“Where this is the case, however, we make it clear to them they are not to post branded content,” Mr. Evans said.
Some posts use hashtags that are closely connected to the brands: #lus or #likeus for Lucky Strikes, for example. Other posts are more subtle, featuring cigarettes but no brand name, or appealing hashtags that signal autonomy or independence: #YouDecide, #DecideTonight and #RedIsHere are popular ones affiliated with Marlboro as is #FreedomMusic for Winston.
Sometimes the posts omit the cigarettes altogether, but mention upcoming parties and other events where cigarettes are promoted in giant displays and given away. The party décor colors often match those of a specific brand.
The image below is from Indonesia, where a pack of Dunhill cigarettes is a subtle prop. After a press inquiry, BAT said they would take down the post.
Lucky Strike ambassadors received these instructions last year in Italy, according to Dr. Kozinets, and they included a note to cover up images “required to be on the packages by law”(presumably the warning labels).
In an email, Simon Cleverly, an executive with British American Tobacco, said the company’s team in Italy was reviewing the above documents, which researchers translated into English. The Like Us campaign ran from 2012 through 2017, he said.
Some themes repeated in several countries were British American Tobacco’s #TasteTheCity, which promoted Dunhill and Kent brands, and Philip Morris International’s #Newland and #Neuland, and #IDecideTo/#YouDecide.
Bruno Nastari, a Brazilian business strategist, spent more than three years working for Geometry Global, in São Paulo, according to his LinkedIn page. His accounts included British American Tobacco brands Dunhill, Lucky Strike and Kent, his page noted.
Describing the strategy he used, Mr. Nastari wrote, “Our insight was that Dunhill is the brand that transforms the city into a platform of discoveries, delivering exclusive experiences to younger audiences. Make Dunhill recognized as a modern, bold and sassy brand, thus being more appealing to the average smoker under 30 years. All this considering Brazil’s legal restrictions of cigarette advertising.”
Mr. Nastari did not respond to a reporter’s inquiry, but these notes are no longer available on LinkedIn.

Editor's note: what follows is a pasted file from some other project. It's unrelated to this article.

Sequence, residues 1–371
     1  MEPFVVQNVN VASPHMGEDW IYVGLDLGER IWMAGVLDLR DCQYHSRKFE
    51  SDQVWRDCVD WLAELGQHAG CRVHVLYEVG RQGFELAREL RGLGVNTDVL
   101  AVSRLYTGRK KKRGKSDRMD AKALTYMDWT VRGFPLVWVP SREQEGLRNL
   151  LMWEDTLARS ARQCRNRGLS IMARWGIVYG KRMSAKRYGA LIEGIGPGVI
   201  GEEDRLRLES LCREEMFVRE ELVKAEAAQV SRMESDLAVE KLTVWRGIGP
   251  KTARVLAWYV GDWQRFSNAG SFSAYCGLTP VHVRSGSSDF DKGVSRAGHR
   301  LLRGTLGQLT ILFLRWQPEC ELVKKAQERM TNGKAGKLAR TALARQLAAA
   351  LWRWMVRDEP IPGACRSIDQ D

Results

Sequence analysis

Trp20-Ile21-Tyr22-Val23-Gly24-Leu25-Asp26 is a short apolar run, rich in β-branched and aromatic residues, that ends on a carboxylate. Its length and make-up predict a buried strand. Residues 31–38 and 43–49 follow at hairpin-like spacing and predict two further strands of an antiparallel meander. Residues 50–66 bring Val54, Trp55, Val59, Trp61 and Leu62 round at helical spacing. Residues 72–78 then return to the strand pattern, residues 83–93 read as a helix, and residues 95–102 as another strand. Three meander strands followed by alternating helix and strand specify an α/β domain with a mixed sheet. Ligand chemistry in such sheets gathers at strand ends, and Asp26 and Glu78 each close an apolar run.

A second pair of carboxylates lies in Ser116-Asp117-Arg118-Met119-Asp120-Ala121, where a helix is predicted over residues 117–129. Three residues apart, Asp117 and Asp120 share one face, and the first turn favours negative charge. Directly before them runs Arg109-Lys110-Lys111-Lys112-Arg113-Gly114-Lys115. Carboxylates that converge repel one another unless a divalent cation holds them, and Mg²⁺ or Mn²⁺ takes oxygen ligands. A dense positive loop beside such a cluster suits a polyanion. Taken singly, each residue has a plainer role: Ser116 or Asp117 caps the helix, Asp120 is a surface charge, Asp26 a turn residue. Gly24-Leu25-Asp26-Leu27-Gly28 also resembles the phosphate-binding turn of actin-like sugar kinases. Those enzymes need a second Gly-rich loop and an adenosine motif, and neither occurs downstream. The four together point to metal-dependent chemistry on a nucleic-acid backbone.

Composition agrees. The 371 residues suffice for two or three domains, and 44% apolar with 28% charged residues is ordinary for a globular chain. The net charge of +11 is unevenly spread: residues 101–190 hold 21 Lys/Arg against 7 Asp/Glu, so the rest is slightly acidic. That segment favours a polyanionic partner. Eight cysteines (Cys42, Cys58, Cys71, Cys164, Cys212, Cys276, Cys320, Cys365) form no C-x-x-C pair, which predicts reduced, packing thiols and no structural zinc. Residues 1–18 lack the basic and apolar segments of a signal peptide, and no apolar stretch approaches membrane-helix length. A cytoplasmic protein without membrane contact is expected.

The New York Times reached out to the social media posters included in this article. Several, including tico13, vikicecarelli1 and Mr. Nastari, acknowledged receipt but declined to be interviewed.
Representatives for British American said that the company believed that neither tico13 nor Polpettadiriso were posting on its behalf. She also said that the company was not aware of the Lucky Us platform.
In Uruguay, the researchers interviewed several ambassadors paid to post by Wasabi, a public relations firm working for Philip Morris International.
The researchers flagged posts they believe are designed to promote electronic cigarettes to youth. This post, from Romania, features iFuse, the tobacco heating product sold by British American Tobacco.
Mr. Cleverly, the spokesman for British American Tobacco, said all promotional material and events were geared toward adult smokers and were in line with local regulations in its 200 markets.
“Across the BAT Group, we are clear that social media can only be used for activities that do not involve the advertising of any of our cigarette brands,” Mr. Cleverly said in an email. “We sometimes use social media, and we also sometimes work with bloggers and brand ambassadors, for posting unbranded content (i.e. showing no tobacco brands or products), ” he said.
The petition filed by the antismoking advocacy groups asks the F.T.C. to require tobacco companies to disclose all pictures, videos and hashtags that are paid advertising or endorsements by adding some new, and likely less viral, hashtags: #Sponsored, #Promotion, or #Ad.
Source: New York Times